House price growth for the year to December 2013 turned out to be a couple of percentage points above inflation.
On an Australia-wide basis, dwellings achieved about 3% real growth for the year ending December 2013.
Graph 1 presents the rolling annual growth of Australia-wide dwellings.
The result was not consistent across all states.
Sydney was the standout performer with house price growth of approximately 12% while units achieved 10.45% growth for the year.
The poorest outcome was produced in the Australian Capital Territory, where houses grew by a mere 1% and unit growth was about 1.4% in the same time period. Therefore, housing in the Australian Capital Territory fell in value in real terms by more than 1%.
Table 1 presents the results for capital cities across Australia for the year ending December 31, 2013.
Table 2 provides information about affordability to assist in understanding what is happening in the markets.
In most capital cities, the performance in the last quarter was stronger than any other period of 2013. In my opinion, this was generally a consequence of improving sentiment, particularly amongst the older generation.
Equally, low interest rates are causing the older generation to seek out low risk, higher yielding assets for their superannuation funds.
Many people in this group are now structuring their self managed super funds in such a way that allows a form of negative gearing in residential property so monthly super fund contributions from their salary provides for any rental income shortfall.
Inflation has been modest in the last 12 months, as has wage growth. In essence, house price growth in most cities has exceeded wage growth, which has resulted in housing becoming even more unaffordable.
Table 2 shows that housing is basically unaffordable for first home buyers in many capital city markets.
The general improvement in consumer sentiment is evident in Graph 2.
While consumer sentiment is stronger than it was this time last year, it is not robust. Consumer sentiment continues to be held back by public discussion about an expected slowing of the economy as the mining industry development phase passes its peak and the restructuring of manufacturing industries such as the automobile industry takes place.
Given the above, it is expected that investors will be increasing their predominance in the market as this group has the funds and capacity to borrow and be involved in negative gearing.
In fact, the value of loans to investors increased by 2.3% in the last quarter, while the value of loans to home owners increased by 1.28% during the same period.
The increasing activity of investors has been a feature of the market for a number of years and can be traced back to the start of significant affordability issues for home owners.[sam id=36 codes=’true’]
The resulting picture is an investor market that is growing more often at a faster rate. This situation should not be expected to change as affordability becomes more difficult with interest rates due to increase to more normal levels in the future.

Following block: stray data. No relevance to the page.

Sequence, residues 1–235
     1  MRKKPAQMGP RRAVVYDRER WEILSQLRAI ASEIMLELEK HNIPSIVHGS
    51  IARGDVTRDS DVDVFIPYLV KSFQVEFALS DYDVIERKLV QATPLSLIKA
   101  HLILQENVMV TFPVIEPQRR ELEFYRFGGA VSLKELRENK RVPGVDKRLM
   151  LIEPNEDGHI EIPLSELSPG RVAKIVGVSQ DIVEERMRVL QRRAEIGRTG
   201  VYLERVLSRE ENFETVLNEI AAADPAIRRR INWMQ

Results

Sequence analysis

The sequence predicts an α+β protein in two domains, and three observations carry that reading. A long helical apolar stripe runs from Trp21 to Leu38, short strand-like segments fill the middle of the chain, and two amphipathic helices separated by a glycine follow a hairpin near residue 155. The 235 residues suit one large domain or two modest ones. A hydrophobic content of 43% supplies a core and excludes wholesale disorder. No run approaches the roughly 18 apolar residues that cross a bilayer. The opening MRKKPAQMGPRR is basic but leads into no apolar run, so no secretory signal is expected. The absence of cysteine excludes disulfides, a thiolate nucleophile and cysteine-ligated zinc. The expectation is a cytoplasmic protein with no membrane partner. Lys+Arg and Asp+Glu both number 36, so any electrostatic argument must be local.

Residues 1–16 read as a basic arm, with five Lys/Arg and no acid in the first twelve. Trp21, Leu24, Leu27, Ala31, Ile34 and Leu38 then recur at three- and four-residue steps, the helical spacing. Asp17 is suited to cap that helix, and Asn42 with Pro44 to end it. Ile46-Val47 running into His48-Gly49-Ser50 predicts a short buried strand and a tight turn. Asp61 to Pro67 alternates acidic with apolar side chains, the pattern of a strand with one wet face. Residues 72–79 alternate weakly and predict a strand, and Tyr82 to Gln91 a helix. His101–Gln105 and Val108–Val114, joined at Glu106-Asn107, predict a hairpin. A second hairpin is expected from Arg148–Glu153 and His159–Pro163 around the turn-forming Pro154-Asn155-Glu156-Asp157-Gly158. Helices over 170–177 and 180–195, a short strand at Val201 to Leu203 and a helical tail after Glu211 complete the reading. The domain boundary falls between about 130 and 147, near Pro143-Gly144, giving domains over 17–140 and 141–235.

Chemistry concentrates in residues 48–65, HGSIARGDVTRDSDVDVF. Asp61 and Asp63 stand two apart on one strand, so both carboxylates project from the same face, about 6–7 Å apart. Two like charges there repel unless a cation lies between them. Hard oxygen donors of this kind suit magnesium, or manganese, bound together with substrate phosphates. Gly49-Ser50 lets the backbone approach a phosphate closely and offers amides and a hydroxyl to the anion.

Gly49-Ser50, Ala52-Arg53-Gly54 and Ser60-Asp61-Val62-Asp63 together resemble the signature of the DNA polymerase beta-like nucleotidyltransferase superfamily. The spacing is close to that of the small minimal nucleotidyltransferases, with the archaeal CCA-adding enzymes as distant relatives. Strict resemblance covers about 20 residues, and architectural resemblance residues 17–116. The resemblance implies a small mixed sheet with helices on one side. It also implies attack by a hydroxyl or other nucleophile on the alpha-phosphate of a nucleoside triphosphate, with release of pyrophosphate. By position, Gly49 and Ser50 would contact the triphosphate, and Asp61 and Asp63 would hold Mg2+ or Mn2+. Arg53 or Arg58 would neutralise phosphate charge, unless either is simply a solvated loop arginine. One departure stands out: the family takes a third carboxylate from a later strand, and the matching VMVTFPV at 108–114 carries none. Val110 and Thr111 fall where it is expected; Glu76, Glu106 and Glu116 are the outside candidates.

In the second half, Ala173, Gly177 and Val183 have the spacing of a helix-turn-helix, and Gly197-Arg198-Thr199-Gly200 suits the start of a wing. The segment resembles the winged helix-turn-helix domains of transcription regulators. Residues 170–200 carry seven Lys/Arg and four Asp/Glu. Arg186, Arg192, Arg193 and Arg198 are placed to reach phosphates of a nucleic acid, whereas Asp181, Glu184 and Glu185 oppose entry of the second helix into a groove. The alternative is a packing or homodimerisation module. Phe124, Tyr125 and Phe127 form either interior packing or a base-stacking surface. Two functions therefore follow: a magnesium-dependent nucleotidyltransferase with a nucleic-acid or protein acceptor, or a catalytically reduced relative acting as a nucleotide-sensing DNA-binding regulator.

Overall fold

The other significant driver in the market over the next year or two will be employment conditions. The December unemployment numbers presented a deteriorating situation (see Graph 3).
As at December 31, 2013 the national unemployment rate was 5.8% on a seasonally adjusted basis. This suggests an increase of around 62,600 people who are now without work compared to the same time last year.
In total, it is estimated that there are about 722,000 people looking for work. This number masks the real position as the participation rate over the same period has decreased by 0.7%.
The numbers also make it clear that the mining development process is coming to an end as the most significant unemployment increases have occurred in the major resource states.
In Western Australia and Queensland, unemployment increased by more than 17% in the last month. The rate in Victoria and New South Wales reduced by less than 1%.
All of the above suggests that Australia is moving to a situation where large numbers of families are going to be renters unless something occurs that diminishes housing costs.
Renting in capital cities looks as though it will be the natural outcome for young working families in these areas.
The impact of the unaffordable level of housing and the need to rent property in many of our cities is evident in Table 2. For the year ending December 2013, the median weekly rental rose 6.4% for all of Australia and is now $415 per week.
Looking forward, while I am inclined to think that there will continue to be house price growth in the 12 months ahead, I am not sure it will be as high as many may expect. I say this as I believe affordability and unemployment issues will moderate the rate of growth.
However, I am equally mindful that investors are not constrained by these moderating forces and it is this group of people who are currently driving the market. Further, there has been house price pressure as a result of foreign investment.
Overall, I believe that the growth will be a little less than we saw last year on an Australia wide basis with growth being more uniform across the nation. States like New South Wales and Victoria should moderate a little while other states such as Queensland should produce better outcomes.
Until next time, happy investing!